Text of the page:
Quantum Gravity Remains Elusive as Ultra-High Energy Neutrinos Show No Signs of Spacetime Fluctuations

Scientists have long sought to unify the theories of general relativity and quantum mechanics, aiming to achieve a quantum description of gravity. A new study published in Nature Physics by physicists from The University of Texas at Arlington (UTA) and an international collaboration has delved deep into the interface between these two theories using ultra-high energy neutrino particles detected by the IceCube Observatory in Antarctica. However, the study found no evidence of the expected quantum gravitational effects.

“The challenge of unifying quantum mechanics with the theory of gravitation remains one of the most pressing unsolved problems in physics,” said co-author Benjamin Jones, associate professor of physics at UTA. “If the gravitational field behaves in a similar way to the other fields in nature, its curvature should exhibit random quantum fluctuations.”

Searching for Signatures of Quantum Gravity

The international IceCube Collaboration team, which included more than 300 scientists from around the world, placed thousands of sensors throughout one square kilometer near the south pole in Antarctica to monitor neutrinos. These unusual but abundant subatomic particles are neutral in charge and have no mass. The team studied more than 300,000 neutrinos, looking for signs of random quantum fluctuations in spacetime that would be expected if gravity were quantum mechanical, as the particles travel long distances across the Earth.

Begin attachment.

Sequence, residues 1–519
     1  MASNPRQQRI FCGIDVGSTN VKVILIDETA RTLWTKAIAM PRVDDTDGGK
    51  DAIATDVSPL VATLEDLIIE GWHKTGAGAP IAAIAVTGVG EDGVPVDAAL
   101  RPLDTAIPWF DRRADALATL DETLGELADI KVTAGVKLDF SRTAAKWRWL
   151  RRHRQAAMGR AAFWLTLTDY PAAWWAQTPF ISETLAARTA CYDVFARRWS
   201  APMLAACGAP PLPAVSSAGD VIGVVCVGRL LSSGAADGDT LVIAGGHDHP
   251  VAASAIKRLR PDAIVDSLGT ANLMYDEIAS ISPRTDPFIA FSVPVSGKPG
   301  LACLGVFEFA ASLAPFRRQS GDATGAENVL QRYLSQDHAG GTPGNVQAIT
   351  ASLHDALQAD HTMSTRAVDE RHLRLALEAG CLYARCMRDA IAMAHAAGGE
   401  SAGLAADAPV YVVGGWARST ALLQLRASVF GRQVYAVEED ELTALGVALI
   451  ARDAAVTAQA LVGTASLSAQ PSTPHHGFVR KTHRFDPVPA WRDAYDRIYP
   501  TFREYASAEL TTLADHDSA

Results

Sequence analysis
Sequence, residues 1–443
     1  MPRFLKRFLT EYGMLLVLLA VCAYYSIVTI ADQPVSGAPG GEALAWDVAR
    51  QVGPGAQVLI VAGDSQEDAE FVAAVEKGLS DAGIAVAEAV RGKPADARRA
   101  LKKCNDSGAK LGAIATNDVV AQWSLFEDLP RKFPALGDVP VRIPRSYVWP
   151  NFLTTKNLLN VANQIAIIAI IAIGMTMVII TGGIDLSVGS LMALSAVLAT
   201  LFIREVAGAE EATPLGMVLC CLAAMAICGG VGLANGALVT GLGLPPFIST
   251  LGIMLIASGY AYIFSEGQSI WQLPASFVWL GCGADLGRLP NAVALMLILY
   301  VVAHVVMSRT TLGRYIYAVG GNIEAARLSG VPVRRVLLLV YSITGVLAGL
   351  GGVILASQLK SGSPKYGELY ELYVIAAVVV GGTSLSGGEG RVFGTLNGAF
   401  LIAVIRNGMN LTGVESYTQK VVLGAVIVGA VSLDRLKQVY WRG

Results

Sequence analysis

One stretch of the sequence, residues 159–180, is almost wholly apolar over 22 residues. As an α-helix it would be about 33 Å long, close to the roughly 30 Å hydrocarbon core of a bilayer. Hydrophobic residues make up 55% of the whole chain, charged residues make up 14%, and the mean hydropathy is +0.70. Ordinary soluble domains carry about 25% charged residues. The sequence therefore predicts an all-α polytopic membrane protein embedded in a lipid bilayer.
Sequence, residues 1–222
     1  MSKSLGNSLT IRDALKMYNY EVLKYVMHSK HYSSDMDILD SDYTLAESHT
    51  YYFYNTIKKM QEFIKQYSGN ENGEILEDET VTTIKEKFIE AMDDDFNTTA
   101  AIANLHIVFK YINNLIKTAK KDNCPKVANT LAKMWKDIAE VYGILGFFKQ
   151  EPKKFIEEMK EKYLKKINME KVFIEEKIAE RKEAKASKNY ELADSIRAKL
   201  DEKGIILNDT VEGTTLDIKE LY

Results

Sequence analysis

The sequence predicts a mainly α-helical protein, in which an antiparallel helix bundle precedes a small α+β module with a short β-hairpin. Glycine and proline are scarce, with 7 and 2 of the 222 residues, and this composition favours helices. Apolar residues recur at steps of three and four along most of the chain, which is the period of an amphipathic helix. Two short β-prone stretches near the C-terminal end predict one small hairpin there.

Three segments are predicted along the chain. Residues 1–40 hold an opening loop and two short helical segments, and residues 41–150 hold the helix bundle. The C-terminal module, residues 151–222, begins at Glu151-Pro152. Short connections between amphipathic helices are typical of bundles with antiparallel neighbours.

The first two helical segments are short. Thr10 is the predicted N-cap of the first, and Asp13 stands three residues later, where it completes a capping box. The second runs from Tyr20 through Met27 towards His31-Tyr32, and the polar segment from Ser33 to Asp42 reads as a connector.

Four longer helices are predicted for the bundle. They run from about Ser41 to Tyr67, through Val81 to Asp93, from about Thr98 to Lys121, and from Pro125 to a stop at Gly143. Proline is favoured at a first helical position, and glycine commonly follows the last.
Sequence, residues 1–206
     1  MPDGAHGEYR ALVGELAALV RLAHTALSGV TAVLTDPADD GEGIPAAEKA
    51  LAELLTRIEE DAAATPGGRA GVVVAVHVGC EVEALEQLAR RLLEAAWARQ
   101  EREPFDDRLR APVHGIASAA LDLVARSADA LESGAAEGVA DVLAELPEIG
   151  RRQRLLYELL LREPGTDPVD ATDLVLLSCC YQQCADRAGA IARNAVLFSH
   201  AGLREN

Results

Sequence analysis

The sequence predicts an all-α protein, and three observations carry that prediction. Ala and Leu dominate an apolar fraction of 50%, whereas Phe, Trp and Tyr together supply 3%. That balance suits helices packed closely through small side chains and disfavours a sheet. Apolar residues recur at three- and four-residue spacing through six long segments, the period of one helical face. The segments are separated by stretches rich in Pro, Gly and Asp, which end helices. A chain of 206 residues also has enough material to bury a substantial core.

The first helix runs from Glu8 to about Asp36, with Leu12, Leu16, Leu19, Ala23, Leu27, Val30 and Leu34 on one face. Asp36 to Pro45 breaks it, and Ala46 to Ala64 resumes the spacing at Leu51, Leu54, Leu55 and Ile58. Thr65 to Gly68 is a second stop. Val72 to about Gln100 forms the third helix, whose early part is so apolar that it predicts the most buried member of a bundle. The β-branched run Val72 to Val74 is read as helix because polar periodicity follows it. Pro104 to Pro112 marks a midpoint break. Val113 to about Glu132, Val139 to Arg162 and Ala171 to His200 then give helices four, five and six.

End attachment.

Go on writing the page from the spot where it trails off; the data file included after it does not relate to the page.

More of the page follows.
UTA graduate students Akshima Negi and Grant Parker were part of the research team. “We searched for those fluctuations by studying the flavors of neutrinos detected by the IceCube Observatory,” Negi said. “Our work resulted in a measurement that was far more sensitive than previous ones (over a million times more, for some of the models), but it did not find evidence of the expected quantum gravitational effects.”

A Powerful Statement About Unknown Physics

The non-observation of a quantum geometry of spacetime is a powerful statement about the still-unknown physics that operate at the interface of quantum physics and general relativity. This study represents the final chapter in UTA’s nearly decade-long contribution to the IceCube Observatory.

“My group is now pursuing new experiments that aim to understand the origin and value of the neutrinos mass using atomic, molecular and optical physics techniques,” said Jones.

The study’s findings highlight the ongoing challenge of unifying quantum mechanics with the theory of gravitation, which remains one of the most pressing unsolved problems in physics. As scientists continue to explore the interface between these two theories, new insights and discoveries may emerge, bringing us closer to a more complete understanding of the fundamental nature of the universe.

Keyword: quantum gravity



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